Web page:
1 The 340B statute does not clearly define a 340B-eligible patient, and simply states that “a covered entity shall not resell or otherwise transfer the drug to a person who is not a patient of the entity.” 42 U.S. Code § 256b(5)(B).

2 61 FR 55157-58


Quarles & Brady attorneys will be closely monitoring this rapidly evolving case. If you have any questions or are interested in strategizing for these potentially seismic changes, please contact your Quarles & Brady attorney or:

UPDATE: U.S. Supreme Court Sides with 340B Hospitals in Significant $1.6 Billion Part B Drug Payment Ruling

On June 15, 2022, after many years of ongoing litigation1, the U.S. Supreme Court unanimously overturned a substantial Medicare Part B payment reduction to many 340B Program participating hospitals related to certain outpatient prescription drugs provided to Medicare patients for fiscal years 2018 and 2019, totaling an estimated $1.6 billion across all affected entities. While the Supreme Court ultimately remanded the decision to the U.S. Court of Appeals to craft the appropriate remedies, this decision will likely result in a very positive financial outcome for the affected 340B hospitals. Given the ongoing 340B Program turmoil related to contract pharmacy arrangements, this is some excellent news for 340B Program hospitals affected by the Part B payment reductions. Continue Reading

Supreme Court Decision Maintains Status Quo for Disproportionate Share Percentage Calculation: What Does It Mean for the 340B Program?

Earlier today, the Supreme Court released a decision relating to how the Department of Health and Human Services (HHS) requires hospitals to calculate its disproportionate share percentage. While this percentage is primarily used to determine enhanced reimbursement rates depending on how many low-income patients the hospital treats, it is also used as a minimum 340B eligibility threshold for certain hospital providers.

In short, the Court determined that HHS’s current methodology (in effect since 2004) for calculating the disproportionate share percentage is correct and the percentage should continue to be calculated in the same manner as it has been over the last eighteen (18) or so years.

We will spare the reader from an in-depth breakdown of the Byzantine Medicare regulatory structure (even the Court acknowledged that the laws and rules at issue in this case are “mind numbingly complex”). The crux of the case revolves around the total number of Medicare “patient” days that should be included in the statutory formula used to calculate the disproportionate share percentage. Specifically, the case largely hinged on whether days where a Medicare-eligible patient was (1) treated at the hospital but (2) did NOT actually utilize his/her Medicare coverage should count as patient days included in the formula (for example, if a Medicare beneficiary has supplemental commercial insurance that has not yet been exhausted, so Medicare was not billed). The Court ultimately determined that those days should still be included in the formula, which aligns with current HHS requirements.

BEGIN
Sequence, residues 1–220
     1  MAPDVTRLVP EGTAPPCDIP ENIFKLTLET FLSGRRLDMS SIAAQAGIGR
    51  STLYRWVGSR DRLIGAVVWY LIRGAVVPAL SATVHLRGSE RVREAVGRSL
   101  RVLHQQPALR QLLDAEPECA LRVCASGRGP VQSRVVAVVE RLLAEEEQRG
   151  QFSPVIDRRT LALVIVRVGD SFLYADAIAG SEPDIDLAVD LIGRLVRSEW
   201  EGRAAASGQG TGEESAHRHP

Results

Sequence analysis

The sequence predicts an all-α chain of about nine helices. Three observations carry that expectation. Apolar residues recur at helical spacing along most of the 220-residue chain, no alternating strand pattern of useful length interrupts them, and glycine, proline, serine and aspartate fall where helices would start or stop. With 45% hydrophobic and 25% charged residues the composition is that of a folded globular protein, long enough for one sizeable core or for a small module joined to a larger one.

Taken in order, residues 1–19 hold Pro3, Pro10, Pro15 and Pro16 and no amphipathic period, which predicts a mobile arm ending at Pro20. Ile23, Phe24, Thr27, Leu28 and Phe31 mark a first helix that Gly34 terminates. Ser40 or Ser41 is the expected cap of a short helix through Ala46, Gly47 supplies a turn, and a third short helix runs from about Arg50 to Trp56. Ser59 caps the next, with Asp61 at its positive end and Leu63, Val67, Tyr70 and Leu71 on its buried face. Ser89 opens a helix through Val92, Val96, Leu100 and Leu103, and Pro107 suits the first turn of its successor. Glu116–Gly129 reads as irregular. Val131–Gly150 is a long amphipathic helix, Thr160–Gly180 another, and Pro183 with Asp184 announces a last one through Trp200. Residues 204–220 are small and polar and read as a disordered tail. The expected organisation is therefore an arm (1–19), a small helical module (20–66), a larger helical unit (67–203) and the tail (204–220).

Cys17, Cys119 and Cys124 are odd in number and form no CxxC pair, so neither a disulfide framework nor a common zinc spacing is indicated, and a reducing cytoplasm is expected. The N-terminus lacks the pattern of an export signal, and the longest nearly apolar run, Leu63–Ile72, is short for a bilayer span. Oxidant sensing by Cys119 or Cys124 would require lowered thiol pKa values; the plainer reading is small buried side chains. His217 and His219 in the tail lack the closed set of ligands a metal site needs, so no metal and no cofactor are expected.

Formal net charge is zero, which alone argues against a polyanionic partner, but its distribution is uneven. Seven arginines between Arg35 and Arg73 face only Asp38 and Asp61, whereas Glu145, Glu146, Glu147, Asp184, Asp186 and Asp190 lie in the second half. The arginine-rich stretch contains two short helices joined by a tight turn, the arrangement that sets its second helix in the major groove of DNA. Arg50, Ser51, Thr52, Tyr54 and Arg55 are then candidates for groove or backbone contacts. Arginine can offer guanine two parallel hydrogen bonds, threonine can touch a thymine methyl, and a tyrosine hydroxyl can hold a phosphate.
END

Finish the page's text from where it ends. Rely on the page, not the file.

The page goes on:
What Does This Mean for the 340B Program?

340B participating disproportionate share hospitals (DSH), children’s hospitals (PED), and free-standing cancer hospitals must have a disproportionate share percentage of at least 11.75% per their most recently filed Medicare Cost Report to maintain 340B eligibility. Rural referral centers (RRC) and sole community hospitals (SCH) must have a percentage of at least 8%.

From a practical perspective, this will have little to no impact on current 340B participating hospitals. The disproportionate share percentage will continue to be calculated in the same manner.

On the other hand, the Court’s ultimate decision was unfavorable to non-qualifying hospitals hoping to attain a disproportionate share percentage above the 340B Program’s minimum thresholds. If the Court would have decided the case differently and the Medicare patient days discussed above were deemed to be excluded from the calculation, this would, on the whole, have led to higher disproportionate share percentages and potentially allowed additional hospitals to qualify for the 340B Program. However, the methodology will remain the same, and hospitals on the cusp of 340B eligibility (but still under those minimum thresholds) will not experience a bump in their disproportionate share percentage based on an updated calculation.